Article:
Gross efficiency and cycling performance: a brief review
Keywords:cycle training, biomechanics, pedalling, pedaling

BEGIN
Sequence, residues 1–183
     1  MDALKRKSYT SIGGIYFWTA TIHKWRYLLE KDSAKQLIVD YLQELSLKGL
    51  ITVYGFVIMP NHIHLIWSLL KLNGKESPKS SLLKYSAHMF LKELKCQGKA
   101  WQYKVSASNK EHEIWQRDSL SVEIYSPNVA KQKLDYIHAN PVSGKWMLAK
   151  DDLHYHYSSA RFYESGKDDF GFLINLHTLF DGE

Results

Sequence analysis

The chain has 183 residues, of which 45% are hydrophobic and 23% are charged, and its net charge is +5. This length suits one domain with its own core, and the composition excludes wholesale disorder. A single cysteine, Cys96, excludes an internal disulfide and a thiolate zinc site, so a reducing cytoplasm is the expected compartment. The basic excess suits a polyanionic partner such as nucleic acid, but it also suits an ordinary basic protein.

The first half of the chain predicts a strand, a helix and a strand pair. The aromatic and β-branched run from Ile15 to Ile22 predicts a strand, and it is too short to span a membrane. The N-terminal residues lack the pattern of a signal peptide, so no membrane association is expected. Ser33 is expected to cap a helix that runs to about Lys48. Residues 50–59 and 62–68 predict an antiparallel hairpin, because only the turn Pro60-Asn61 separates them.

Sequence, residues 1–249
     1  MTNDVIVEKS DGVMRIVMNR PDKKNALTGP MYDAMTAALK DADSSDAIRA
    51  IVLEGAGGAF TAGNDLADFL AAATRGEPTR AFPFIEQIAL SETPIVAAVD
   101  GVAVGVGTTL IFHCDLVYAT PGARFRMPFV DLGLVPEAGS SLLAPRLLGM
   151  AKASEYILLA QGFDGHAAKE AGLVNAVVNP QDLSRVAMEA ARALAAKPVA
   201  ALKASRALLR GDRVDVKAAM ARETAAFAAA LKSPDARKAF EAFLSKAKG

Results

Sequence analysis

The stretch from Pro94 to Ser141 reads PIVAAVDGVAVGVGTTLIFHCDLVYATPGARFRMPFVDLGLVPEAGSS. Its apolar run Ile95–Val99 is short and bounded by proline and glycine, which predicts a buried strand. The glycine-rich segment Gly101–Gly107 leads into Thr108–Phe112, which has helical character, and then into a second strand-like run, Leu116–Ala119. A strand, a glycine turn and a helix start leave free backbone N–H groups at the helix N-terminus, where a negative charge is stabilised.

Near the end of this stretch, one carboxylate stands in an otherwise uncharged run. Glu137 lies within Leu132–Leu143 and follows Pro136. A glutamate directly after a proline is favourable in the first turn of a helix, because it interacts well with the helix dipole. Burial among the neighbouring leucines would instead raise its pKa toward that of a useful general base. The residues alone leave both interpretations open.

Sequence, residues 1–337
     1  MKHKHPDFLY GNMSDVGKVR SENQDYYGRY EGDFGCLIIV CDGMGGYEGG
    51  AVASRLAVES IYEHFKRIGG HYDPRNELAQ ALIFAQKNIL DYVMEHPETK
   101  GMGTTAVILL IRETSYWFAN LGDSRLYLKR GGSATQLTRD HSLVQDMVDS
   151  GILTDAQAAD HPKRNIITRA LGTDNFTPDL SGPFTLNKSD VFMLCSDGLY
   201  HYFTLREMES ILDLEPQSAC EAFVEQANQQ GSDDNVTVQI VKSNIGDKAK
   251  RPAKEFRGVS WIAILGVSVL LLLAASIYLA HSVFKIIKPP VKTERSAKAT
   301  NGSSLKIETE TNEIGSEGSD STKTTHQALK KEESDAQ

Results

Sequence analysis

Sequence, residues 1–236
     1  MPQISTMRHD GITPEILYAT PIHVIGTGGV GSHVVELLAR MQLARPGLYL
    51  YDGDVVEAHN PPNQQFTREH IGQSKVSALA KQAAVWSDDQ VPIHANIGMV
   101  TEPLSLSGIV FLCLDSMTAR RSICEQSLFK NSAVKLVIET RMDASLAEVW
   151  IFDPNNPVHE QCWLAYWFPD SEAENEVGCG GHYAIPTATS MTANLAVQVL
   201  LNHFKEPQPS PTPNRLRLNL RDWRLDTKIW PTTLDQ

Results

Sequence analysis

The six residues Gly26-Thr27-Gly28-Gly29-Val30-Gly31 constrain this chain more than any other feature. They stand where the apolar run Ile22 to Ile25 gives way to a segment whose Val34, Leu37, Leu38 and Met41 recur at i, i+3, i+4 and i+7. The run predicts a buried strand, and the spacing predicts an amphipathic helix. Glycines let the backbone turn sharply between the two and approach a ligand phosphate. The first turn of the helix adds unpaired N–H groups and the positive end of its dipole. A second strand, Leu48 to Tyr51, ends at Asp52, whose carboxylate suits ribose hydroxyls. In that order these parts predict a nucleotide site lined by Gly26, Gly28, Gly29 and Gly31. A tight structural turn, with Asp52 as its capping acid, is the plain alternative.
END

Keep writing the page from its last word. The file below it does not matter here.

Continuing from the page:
AbstractEfficiency, the ratio of work generated to the total metabolic energy cost, has been suggested to be a key determinant of endurance cycling performance. The purpose of this brief review is to evaluate the influence of gross efficiency on cycling power output and to consider whether or not gross efficiency can be modified. In a re-analysis of data from five separate studies, variation in gross efficiency explained ~30% of the variation in power output during cycling time-trials. Whilst other variables, notably VO2max and lactate threshold, have been shown to explain more of the variance in cycling power output, these results confirm the important influence of gross efficiency. Case study, cross-sectional, longitudinal, and intervention research designs have all been used to demonstrate that exercise training can enhance gross efficiency. Whilst improvements have been seen with a wide range of training types (endurance, strength, altitude), it would appear that high intensity training is the most potent stimulus for changes in gross efficiency. In addition to physiological adaptations, gross efficiency might also be improved through biomechanical adaptations. However, ‘intuitive’ technique and equipment adjustments may not always be effective. For example, whilst ‘pedalling in circles’ allows pedalling to become mechanically more effective, this technique does not result in short term improvements in gross efficiency.
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